74. Atlantics pulls you into an experience. The empathy machine runs at full speed here. Ada, c’est moi.
  75. Yes, you would watch these two in virtually anything. You just wish it wasn’t this. They deserve something sturdier and far less head-slappingly preposterous, and that’s the truth.
  76. Luckily, Stewart, Balinska, and Scott are just the angels you need when a movie needs rescuing. They make the salvage operation that is Charlie’s Angels go down easy.
  77. Guided by the fierce, fully committed performances of Driver and Bening,The Report is a bristling reminder that truth still matters. Naïve? Maybe. But, damn, do we need it now.
  78. Luckily, Mangold fuels his true-life plot with enough flesh-and-blood action to leave you dizzy.
  79. You may also feel so exhilarated watching an insanely creative voice in animation flex his storytelling muscles that you don’t realize the huge lump in your throat.
  80. Even in the face of grievous misfortune, the characters created by Schults exude a tenderness that allows this achingly intimate drama to move past sorrow and hit you like a shot in the heart.
  81. It’s a documentary that starts as a nonfiction portrait and ends as a horror movie.
  82. Emmerich can crack the whip on computer pixels like nobody’s business. But in sacrificing a reckoning on the human toll of war for cardboard characterization and showoff fx, he’s left an empty space where the soul of the film should be.
  83. It’s a movie that knows in its bones that there are no easy answers. Just the human struggle to find connection. And it’s that vision of unadorned, no-bullshit life, played out against the background of Hollywood film fantasy, that makes a connection so strong that audiences won’t want to let go.
  84. Doctor Sleep relies way too much on borrowed inspiration and eventually runs out of — pardon the word — steam. But this flawed hybrid and King and Kubrick still has the stuff to keep you up nights.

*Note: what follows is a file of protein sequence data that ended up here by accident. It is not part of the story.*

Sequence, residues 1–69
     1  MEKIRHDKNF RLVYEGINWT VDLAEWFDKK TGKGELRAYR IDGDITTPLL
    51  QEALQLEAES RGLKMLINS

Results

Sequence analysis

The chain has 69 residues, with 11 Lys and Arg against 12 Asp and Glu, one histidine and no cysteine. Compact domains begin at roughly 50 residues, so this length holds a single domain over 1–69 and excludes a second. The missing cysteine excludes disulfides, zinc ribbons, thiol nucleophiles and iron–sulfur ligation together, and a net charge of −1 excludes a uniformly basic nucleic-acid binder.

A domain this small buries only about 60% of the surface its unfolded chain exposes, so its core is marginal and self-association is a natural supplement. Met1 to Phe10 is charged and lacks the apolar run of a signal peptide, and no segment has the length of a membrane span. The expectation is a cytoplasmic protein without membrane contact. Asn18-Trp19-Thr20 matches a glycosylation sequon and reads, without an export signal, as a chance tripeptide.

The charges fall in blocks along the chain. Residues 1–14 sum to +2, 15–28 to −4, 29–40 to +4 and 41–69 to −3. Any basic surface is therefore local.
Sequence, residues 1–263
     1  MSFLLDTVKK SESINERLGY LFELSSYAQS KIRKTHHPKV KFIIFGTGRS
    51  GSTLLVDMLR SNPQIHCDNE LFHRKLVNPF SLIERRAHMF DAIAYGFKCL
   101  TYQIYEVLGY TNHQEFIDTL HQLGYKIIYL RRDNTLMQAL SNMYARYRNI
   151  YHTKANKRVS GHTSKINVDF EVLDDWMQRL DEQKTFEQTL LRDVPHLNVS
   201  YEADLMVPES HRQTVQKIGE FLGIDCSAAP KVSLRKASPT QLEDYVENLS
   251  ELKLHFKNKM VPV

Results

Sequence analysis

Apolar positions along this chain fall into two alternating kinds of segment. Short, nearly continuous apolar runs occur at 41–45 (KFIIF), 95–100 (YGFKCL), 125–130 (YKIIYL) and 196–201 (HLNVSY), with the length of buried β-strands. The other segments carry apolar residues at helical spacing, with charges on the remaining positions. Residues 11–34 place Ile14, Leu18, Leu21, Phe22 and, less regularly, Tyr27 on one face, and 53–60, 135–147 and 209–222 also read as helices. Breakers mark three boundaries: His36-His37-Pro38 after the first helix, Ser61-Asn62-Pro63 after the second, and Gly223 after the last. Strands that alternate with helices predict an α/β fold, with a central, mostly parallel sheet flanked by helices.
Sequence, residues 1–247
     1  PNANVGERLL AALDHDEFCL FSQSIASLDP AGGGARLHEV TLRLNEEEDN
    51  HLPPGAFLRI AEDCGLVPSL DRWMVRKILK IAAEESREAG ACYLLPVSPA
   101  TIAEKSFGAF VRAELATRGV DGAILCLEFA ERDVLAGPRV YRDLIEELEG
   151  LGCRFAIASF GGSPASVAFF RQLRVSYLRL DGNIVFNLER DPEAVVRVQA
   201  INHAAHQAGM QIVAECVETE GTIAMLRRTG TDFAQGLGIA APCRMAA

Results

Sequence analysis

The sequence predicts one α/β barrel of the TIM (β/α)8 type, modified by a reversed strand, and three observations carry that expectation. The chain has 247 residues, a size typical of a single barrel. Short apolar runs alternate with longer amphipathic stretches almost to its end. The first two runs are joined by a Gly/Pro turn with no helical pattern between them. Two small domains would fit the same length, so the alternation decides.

85. How does a small tale of love found and lost emerge as a major triumph and one of the very best movies of the year? Marriage Story is more than just a career high for writer-director Noah Baumbach (The Meyerowitz Stories, The Squid and the Whale); it’s a peerless showcase for its stars, Adam Driver and Scarlett Johansson, who turn this tale of a contentious divorce into a "Kramer vs. Kramer" for the 21st century.
  86. It makes sense that Last Christmas isn’t coming out at the end of December but right on the cusp of Thanksgiving. It’s a bona fide holiday-movie turkey.
  87. It’s an exhilarating and profoundly sorrowful work.
  88. It’s not a stretch to say that Linda Hamilton is the main reason you should rush out to see Terminator: Dark Fate posthaste.
  89. It’s a big role, written with dimensions of sainthood that might defeat a lesser actor. But Erivo is up to every challenge, never losing Harriet’s compassionate humanity even as the film moves to the Civil War and pumps up the action at the expense of characterization.
  90. It’s Norton’s own performance that brings emotional connection to Motherless Brooklyn. Always a consummate actor, with Oscar nominations for "Primal Fear," "American History X" and "Birdman" — he deserved another for "Fight Club" — Norton is at his very best as Lionel, seeing beyond the tics to the things that make him human.
  91. With The Irishman, America’s greatest living director creates his late-career masterpiece, a deeply felt addition that vibrantly sums up every landmark in his crime-cinema arsenal, from 1973’s "Mean Streets" through "Goodfellas," "Casino," "Gangs of New York," and the Oscar-
winning "The Departed."
  92. It’s not a bad film, just a generically bland one.
  93. The film, bathed in gorgeous shadow and light by cinematographer Joe DeSalvo, gets more personal as it moves along. You can feel the romantic ache when Bruce and the missus duet on “Stones.”
  94. The film stubbornly resists coming together as more than a series of hit-and-miss vignettes. Only near the end, in a stunning tableau that illustrates how individual desire laughs at the plans of God — and the ringmaster Frankie — does Sachs turn his wisp of film into something funny, touching and vital.
  95. Black and Blue, hyped by Geoff Zanelli’s pumping score, moves along without actually getting anywhere. Harris deserves better. So do audiences.
  96. Turns out a double dip of Zombieland goes down easy when you see it for the irresistible escapism it is.
  97. This misbegotten sequel to 2014’s not-so-hot Maleficent is a torturous exercise in brightly-colored monotony that chokes on repetitive screenwriting, amateurish directing, paycheck performances and digital hardware for a heart. Kids under five (months) might be fooled, but sentient filmgoers know a scam when they see one.
  98. You’ll laugh, you’ll cry — sometimes at the same time. But love or hate Jojo Rabbit, it’s damn near impossible to shake.
  99. You’d have to search hard to find a movie this hypnotic and haunting.
  100. When you have Vince Gilligan operating near the peak of his powers, and taking the time to fix one of the few things the show didn’t get quite right, it makes for one hell of an entertaining gift.

Top Trailers